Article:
I tend to agree with the person who said that the only necessary thing for evil to triumph is for good men to keep quiet. I have experienced what I had even never thought of. Parents have come to me complaining how their children have been abused. I have seen middle aged people wear pampers after their rectums have been ruptured.  I have seen what evil can do to society. It has toughened my resolve to pursue causes not only those that affect me as an individual but the entire society. I have been denied visas. I have realised the hypocrisy of these Western democracies. How does a democratic country tell another to stop a debate in its parliament? Do we interfere with them when they are passing their laws? We have passed legislation and they should respect it. I have realised we can never attain real independence unless we develop economically.

Legal experts have argued that the law is difficult to implement. Will the police, for example, make random raids on homes to establish the nature of some people’s sexuality? How will they arrest the culprits?

The law is easy to implement. If you read the 15 clauses, it is very clear. If you are a church or mosque don’t wed a gay couple. If you do, the celebrants will be punished. If you are an NGO and you are involved in promotion, you will be told to stop. It is straight forward. After the law has been gazetted, the responsible minister will come up with regulations on how it will be implemented by different stakeholders. This will include setting up infrastructure to help the victims especially children who have been lured into the act. So this idea that the law is complicated is false.

Homosexuality was already outlawed by The Penal Code Act. Why then introduce another law?

This law is meant to strengthen existing laws. The Penal Code Act was after sexual acts against the order of nature. In this law we made it clear we are talking about homosexuality. We widened the scope to include inducement, promotion and funding of homosexuality. This law emboldens the constitutional prohibition of same sex relationships by providing for punishment for those who celebrate same sex marriages in churches. There is no contradiction, only an improvement of existing laws. The same has been done to all existing criminal laws such as the anti corruption laws, the Public Order Management Act.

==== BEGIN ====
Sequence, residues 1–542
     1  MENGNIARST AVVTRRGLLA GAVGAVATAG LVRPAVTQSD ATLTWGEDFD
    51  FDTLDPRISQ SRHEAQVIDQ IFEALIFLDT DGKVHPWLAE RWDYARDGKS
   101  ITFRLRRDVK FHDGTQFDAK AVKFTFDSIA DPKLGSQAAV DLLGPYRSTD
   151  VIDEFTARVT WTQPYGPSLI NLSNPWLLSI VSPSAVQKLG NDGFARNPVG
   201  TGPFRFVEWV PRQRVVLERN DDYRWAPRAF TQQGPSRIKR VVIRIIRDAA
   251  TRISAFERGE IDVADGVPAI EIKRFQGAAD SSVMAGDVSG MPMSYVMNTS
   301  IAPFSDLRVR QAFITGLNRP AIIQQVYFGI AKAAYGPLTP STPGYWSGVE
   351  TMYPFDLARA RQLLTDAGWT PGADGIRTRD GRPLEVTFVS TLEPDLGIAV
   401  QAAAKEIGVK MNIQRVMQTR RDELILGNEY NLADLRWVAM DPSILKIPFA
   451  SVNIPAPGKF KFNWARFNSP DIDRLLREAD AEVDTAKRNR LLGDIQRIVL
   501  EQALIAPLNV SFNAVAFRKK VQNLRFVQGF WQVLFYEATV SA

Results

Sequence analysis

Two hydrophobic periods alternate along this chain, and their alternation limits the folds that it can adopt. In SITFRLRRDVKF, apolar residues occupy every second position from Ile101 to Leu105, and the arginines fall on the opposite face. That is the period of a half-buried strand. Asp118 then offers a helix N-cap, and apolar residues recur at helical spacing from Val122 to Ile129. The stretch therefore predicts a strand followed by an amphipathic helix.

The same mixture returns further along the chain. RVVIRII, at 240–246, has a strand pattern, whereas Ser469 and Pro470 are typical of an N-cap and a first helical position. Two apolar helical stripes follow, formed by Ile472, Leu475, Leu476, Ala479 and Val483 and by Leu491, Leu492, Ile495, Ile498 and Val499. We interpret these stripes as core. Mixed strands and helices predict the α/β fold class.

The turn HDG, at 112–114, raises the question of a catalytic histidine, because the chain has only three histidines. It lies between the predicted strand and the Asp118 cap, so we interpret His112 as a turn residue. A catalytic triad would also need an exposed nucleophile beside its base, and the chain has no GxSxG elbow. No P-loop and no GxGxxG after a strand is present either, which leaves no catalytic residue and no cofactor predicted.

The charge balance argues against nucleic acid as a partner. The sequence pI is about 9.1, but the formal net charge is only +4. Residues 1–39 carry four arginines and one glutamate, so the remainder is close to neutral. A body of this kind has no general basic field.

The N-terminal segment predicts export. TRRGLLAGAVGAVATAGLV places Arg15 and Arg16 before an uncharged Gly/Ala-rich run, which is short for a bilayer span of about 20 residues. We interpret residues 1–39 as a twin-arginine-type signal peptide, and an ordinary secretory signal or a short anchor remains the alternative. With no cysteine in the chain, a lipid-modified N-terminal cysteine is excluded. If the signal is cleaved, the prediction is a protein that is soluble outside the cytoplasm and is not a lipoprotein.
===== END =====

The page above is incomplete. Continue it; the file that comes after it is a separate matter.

What do you think about gay people, what comes to mind when you see a gay person?

We wish they could turn from their evil ways, get rehabilitated and come back to normal. We love them but hate what they are doing. Their behaviour is a danger to our children and they are also destroying their lives. The prevalence rate of HIV/AIDS among homosexuals is alarming and in fact studies have shown that the disease is more prevalent in homosexuals more than in heterosexuals in America. Similar studies have also shown that being gay reduces one’s life span.

What is a rough estimate of the statistics of gay people in Uganda since they are allegedly recruiting people into the behaviour?

They are those who say it is a small portion of people but whether you are one million or two as long as you pose a threat to our society we shall fight you. Obviously, you cannot have statistics because homosexuality is illegal. But what I am sure of is that they are mercenaries who join the act for money like the President said.

This law has pitted Uganda against the international community and also resulted in aid cuts. Is Uganda ready for these wars, what’s your take on all this?

These threats by the international community about foreign aid should give Uganda an opportunity to re-evaluate its opportunities. Ugandans must stand firm, it is also an opportunity to use its available resources. We have enough mineral potential for example the cement in Karamoja can take Uganda for up to 400 years, we have oil in this country. The international community also needs us in the fight against terrorism, corruption and the advance of freedom and democracy. Otherwise countries like China, Russia and Japan have pledged their support. What’s important is protecting our values here.